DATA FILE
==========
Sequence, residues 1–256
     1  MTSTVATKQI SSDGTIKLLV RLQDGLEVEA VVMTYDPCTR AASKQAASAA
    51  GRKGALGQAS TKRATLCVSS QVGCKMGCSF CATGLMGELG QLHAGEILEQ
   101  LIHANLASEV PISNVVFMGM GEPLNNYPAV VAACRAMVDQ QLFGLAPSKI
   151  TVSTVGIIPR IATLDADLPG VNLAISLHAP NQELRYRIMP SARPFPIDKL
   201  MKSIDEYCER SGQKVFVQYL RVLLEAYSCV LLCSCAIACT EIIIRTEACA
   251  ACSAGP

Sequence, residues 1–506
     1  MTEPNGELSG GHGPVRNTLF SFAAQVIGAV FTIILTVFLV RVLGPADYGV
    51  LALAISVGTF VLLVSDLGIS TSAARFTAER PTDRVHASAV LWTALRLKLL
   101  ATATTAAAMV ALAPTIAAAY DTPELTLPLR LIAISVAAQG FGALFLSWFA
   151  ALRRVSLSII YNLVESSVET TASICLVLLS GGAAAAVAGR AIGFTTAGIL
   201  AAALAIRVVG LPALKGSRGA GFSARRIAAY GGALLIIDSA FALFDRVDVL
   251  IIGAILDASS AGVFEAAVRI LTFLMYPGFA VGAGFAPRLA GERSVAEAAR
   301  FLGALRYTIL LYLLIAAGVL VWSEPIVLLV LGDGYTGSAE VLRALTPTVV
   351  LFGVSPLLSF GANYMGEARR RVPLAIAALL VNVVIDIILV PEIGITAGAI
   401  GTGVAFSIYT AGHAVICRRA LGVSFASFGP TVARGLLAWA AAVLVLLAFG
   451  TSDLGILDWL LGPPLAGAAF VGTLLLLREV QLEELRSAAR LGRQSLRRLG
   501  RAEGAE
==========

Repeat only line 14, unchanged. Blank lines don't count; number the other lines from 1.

   251  IIGAILDASS AGVFEAAVRI LTFLMYPGFA VGAGFAPRLA GERSVAEAAR